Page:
Being able to recognize faces accurately is important for daily social interactions, but this ability is compromised by something called the other-race effect, a phenomenon by which other-race faces are not recognized as well as own-race faces. Previous studies have shown that event- related potentials (ERPs) associated with recollection and familiarity during memory encoding and retrieval (Dms, parietal old/new effects) exhibit different patterns for own-race and other- race faces, but the reasons behind these differential patterns are controversial. The present study investigated the potential roles of attention and holistic processing on the other-race effect in a remember-know task, in which Caucasian participants learned and recognized own-race and other-race faces. Participants were placed into either the attention manipulation, which had a focused attention condition and a divided attention condition, or the holistic processing manipulation, which had an upright presentation condition and an inverted presentation condition. Replications from prior other-race studies indicated that memory encoding for own- race faces was more efficient in the upright presentation condition and focused attention condition, across both attention and holistic processing experiments. Novel results were found in the comparison between upright and inverted presentation conditions of the holistic processing experiment; similar encoding mechanisms were used for upright other-race faces and inverted own-race faces, as evidenced by the similar level of activation and distribution of memory effects for these faces. The attention manipulation yielded no such results, indicating that holistic processing, but not attention, modulates the other-race effect during memory encoding.

Michael Kahl and Dr. Seth Kelly (mentor) “Understanding the role neuronal development plays in intellectual disability

Brian Jordan, Brooklyn McCue, Austin Minnick, Cemaliye Semmedi and Dr. Jennifer R. Yates (mentor). “Effects of 6-Chloro-Tryptophan on Acute Spinal Cord Injury in Guinea Pigs”

Inflammation contributes to the secondary behavioral deficits seen in neurotraumatic injuries such as spinal cord injury (SCI). The current approved treatment for SCI primarily exists as an antioxidant that fails to reduce inflammation. Inflammation in acute SCI is associated with the production of the neurotoxin, quinolinic acid (QUIN). QUIN is produced by activated macrophages at the injury site and its accumulation is correlated with injury severity. Previous studies have shown that manipulating the tryptophan-kynurenine pathway, which leads to the production of QUIN, can attenuate QUIN accumulation and reduce secondary behavioral deficits after SCI. One way to manipulate this pathway is by administering 6-chloro-tryptophan. In the present study, the effects of 6-chloro-tryptophan on secondary behavioral deficits and QUIN accumulation were investigated in a guinea pig model of SCI. Adult female Hartley guinea pigs were injured by lateral compression of the spinal cord at the 12th thoracic segment (T12). 6- chloro-tryptophan was administered in doses of 1 mg, 5 mg, 7.5 mg, and 10 mg over a time period of either 3 or 7 days, beginning at 5 hours post injury. The severity of the behavioral deficits and the recovery rate of the subjects were quantified using several sensory and motor function tests, including Cutaneus Trunci muscle reflex, toe-spread, proprioceptive placing etc. Doses between 5-10 mg showed trending improvement in recovery rate. Supplementary histological analysis will be required to quantify QUIN accumulation at the injury site. In order to consider the drug viable, further experimentation will be conducted.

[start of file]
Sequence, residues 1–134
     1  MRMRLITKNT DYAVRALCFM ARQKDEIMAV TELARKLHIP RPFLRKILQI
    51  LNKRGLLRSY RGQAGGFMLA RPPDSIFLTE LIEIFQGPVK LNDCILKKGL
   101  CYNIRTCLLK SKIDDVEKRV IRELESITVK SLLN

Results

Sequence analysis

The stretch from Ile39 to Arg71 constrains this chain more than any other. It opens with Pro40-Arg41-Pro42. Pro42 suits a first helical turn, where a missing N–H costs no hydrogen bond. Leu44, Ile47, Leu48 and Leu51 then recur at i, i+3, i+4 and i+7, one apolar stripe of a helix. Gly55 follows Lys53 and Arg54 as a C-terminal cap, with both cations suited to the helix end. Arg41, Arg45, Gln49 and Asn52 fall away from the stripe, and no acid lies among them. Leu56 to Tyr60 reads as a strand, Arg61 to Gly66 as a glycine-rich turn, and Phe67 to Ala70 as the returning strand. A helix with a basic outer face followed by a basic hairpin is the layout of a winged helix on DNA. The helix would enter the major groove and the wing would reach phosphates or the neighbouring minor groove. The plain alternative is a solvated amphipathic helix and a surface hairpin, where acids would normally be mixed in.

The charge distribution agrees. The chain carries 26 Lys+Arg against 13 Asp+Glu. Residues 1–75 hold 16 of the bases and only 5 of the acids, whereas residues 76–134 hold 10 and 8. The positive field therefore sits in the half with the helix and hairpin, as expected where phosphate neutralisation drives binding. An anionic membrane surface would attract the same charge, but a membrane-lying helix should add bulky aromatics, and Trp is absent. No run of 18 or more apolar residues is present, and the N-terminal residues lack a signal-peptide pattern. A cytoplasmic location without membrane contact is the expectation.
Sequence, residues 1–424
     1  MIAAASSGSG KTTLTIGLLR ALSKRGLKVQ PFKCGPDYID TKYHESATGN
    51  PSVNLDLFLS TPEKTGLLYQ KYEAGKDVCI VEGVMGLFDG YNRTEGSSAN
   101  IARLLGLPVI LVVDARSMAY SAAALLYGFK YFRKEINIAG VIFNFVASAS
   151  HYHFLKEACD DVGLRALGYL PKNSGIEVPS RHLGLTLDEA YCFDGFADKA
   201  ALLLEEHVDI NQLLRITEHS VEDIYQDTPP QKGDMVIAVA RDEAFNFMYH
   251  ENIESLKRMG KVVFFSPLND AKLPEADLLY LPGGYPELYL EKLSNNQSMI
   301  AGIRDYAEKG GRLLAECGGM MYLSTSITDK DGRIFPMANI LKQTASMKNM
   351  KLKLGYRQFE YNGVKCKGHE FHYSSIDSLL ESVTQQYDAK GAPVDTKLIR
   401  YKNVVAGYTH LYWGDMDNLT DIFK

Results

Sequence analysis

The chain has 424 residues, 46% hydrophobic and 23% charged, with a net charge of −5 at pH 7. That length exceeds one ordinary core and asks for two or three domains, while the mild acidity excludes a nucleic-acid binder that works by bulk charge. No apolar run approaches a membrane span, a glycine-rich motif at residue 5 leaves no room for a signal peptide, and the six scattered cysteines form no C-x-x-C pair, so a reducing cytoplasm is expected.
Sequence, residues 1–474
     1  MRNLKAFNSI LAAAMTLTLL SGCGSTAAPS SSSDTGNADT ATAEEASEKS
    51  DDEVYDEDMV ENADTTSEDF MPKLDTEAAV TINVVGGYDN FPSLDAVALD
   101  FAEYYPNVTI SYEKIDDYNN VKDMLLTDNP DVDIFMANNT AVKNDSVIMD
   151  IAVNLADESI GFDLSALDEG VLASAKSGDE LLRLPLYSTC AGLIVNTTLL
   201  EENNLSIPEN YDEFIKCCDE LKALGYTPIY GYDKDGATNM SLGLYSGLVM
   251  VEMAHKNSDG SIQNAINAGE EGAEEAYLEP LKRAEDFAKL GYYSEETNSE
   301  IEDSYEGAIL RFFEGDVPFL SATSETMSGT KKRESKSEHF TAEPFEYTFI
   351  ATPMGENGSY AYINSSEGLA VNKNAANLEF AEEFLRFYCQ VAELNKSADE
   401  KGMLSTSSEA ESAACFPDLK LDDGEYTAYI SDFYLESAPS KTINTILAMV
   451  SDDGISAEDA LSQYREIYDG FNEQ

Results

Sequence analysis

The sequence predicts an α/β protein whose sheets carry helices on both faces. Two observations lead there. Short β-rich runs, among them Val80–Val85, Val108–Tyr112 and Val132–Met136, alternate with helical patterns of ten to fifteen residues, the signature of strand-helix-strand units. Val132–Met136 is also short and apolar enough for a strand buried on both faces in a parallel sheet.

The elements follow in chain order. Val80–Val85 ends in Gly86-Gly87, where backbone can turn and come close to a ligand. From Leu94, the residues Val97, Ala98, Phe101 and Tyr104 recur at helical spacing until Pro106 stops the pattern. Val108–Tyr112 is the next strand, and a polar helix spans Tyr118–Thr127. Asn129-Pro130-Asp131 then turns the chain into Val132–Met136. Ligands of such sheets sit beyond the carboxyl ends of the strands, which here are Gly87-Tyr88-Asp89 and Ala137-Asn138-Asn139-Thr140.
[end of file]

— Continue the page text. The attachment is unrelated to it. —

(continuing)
Xuzhou He and Dr. Pamela Pyzza (mentor) “Dynamics of Integrate-and-Fire Model of Hippocampal Circuit”